"Business" Posts

Why doesn't anyone want to build companies anymore?

By Derek Bullet_white Posted in Business Bullet_white Comments Comments

It seems that today, the light at the end of the startup tunnel is either (1) being acquired or (2) a billion-dollar IPO. Let’s just throw out the IPO - it’s incredibly rare.

This means that many startups are created with an explicit goal to not exist in five-or-so years. Does anyone see something wrong with this?

No one talks about starting a company that becomes an extension of yourself. Warren Buffet and Berkshire Hathaway. Apple and Steve Jobs. Starbucks and Howard Schultz. Amazon and Jeff Bezos.



One Hundred Dollars

By Derek Bullet_white Posted in Development, Business Bullet_white Comments Comments

Recently I’ve been calling a couple of customers per-week to chat about their Scout experience. One of the questions I’ve been asking comes out of left field: ”What would you pay another $100/mo for?” I’ll ask the question first to see if they have any suggestions, then run a small selection of ideas by them.

Besides asking my future wife to marry me, it’s the best question I’ve asked in years.

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Do we really need a phone number?

By Derek Bullet_white Posted in Business Bullet_white Comments Comments

Like a bug zapper on a Midwestern summer evening, our company phone number attracted lots of annoying visitors: partnership offers from the Middle East, RFP requests for the wrong product, support inquires for a dating service, etc. In fact, I can only recall a handful of calls from real-life customers.

Did we have a phone number because it solved a problem or because we thought businesses – serious ones – are supposed to have one?

For now, we’ve stopped displaying the phone number on our website. While I don’t think this makes sense for every business, for a developer-focused business like Scout I’m betting it won’t be an issue.


How Pixar and Toy Story almost didn't happen

By Derek Bullet_white Posted in Business Bullet_white Comments Comments

When Pixar was working on their first film, Toy Story, the original draft closely followed a checklist of required elements provided by Disney. Disney has been producing animated films since 1923. Lion King, released a year before Toy Story, won two Academy Awards and grossed $783 million.

Then, why was the checklist-driven draft of Toy Story so terrible that Disney shut down production?

Pixar was writing a story they didn’t own. One of the checklist items: edgy characters. Applying that edge to Woody, the main character, resulted in an unwatchable jerk.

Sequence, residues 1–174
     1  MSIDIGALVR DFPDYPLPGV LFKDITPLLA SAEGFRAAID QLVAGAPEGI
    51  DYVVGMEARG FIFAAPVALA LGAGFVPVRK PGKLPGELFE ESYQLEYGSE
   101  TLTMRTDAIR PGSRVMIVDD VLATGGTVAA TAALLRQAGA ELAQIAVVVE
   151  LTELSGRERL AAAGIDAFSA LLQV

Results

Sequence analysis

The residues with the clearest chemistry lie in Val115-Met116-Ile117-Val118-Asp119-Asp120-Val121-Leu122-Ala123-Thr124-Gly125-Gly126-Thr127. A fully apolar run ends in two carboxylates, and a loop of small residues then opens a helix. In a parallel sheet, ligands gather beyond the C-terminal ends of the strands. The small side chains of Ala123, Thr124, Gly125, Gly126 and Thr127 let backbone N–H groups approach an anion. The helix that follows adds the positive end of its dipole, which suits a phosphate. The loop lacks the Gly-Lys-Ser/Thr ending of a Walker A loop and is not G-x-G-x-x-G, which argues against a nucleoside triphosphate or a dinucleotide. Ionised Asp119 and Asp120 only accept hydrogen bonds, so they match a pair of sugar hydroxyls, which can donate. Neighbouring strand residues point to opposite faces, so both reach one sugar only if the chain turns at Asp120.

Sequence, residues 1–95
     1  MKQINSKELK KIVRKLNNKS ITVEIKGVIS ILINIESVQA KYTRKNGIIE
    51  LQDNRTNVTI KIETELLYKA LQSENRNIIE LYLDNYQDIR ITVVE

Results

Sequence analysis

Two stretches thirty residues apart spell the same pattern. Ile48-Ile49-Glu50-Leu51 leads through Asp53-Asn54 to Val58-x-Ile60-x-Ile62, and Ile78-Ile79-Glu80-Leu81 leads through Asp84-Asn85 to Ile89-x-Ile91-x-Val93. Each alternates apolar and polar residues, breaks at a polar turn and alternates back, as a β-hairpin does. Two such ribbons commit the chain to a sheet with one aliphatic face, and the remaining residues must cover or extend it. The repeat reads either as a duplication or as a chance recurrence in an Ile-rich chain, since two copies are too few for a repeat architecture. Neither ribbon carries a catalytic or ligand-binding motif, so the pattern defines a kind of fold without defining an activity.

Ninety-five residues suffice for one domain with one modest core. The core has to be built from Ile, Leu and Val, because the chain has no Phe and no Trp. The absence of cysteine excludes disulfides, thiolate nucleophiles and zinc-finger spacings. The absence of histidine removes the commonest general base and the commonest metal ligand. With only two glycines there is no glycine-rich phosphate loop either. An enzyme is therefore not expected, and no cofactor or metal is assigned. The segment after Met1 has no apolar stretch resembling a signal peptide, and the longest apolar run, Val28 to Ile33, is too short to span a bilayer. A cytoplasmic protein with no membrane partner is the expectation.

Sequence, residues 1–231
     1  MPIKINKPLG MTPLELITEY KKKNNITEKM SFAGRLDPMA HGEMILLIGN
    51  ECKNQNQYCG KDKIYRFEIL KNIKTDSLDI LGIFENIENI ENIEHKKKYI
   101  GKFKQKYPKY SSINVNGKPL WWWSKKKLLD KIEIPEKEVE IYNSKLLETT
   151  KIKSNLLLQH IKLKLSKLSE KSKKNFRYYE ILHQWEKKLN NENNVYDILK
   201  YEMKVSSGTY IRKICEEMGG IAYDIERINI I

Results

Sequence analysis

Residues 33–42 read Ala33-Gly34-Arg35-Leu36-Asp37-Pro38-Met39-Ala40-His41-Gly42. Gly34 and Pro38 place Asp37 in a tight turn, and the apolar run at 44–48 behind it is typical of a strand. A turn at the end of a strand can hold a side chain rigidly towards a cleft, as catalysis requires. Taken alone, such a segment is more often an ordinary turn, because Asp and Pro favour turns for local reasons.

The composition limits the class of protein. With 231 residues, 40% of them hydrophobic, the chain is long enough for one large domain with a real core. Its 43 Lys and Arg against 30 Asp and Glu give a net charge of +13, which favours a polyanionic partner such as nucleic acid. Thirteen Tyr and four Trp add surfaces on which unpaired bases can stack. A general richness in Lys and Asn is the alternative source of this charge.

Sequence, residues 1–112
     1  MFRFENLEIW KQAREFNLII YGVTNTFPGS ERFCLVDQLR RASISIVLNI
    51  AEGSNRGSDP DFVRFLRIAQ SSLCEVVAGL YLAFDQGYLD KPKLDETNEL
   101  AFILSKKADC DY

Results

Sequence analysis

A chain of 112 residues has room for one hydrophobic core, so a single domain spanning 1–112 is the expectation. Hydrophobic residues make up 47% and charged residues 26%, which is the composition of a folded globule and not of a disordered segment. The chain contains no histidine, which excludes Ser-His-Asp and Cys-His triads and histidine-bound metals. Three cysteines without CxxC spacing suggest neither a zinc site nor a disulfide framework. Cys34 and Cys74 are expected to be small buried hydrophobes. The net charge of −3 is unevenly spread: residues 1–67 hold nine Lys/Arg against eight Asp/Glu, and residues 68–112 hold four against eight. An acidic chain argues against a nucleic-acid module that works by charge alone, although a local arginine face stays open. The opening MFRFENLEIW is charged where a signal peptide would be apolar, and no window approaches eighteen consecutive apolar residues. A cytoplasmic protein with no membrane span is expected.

Pixar’s crew, led by John Lasseter, rewrote the film in their own voice:

We went back to what we wanted, and that was: the characters liked each other. Because we like each other.

Focusing on telling a great story instead of a checklist worked: in the eight years since the Academy Award for Best Animated Feature was created, a Pixar film has won it six times.

Each of their 11 films are among the 50 highest grossing films of all time.


Behind the scenes of a self-funded business: a week on RescueTime

By Derek Bullet_white Posted in Development, Business Bullet_white Comments Comments

One of the things I was most curious about before starting Scout was what my day-to-day life would look like as a business owner versus life as a developer. How much time would I spend writing code? Answering emails? Handling the business bits? Would I work more?

Three years after launching Scout, I’d like to help answer that question. I used RescueTime to track activity on my computer. Since almost all of my work is from my laptop, it’s an easy way to get a breakdown.

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The Only Two Business Metrics That Matter

By Andre Bullet_white Posted in Business Bullet_white Comments Comments

How do you spot a successful business? It’s easiest to think in terms of size: Google, Starbucks, and Berkshire Hathaway are successful.

If you’re a small business and fixate on size alone, you’ll drive yourself crazy. I will never run a Starbucks-scale company, nor do I want to. But do I want a successful company? Definitely!

Here are the two business metrics that matter at Scout:

  1. Income per employee
  2. Employee happiness

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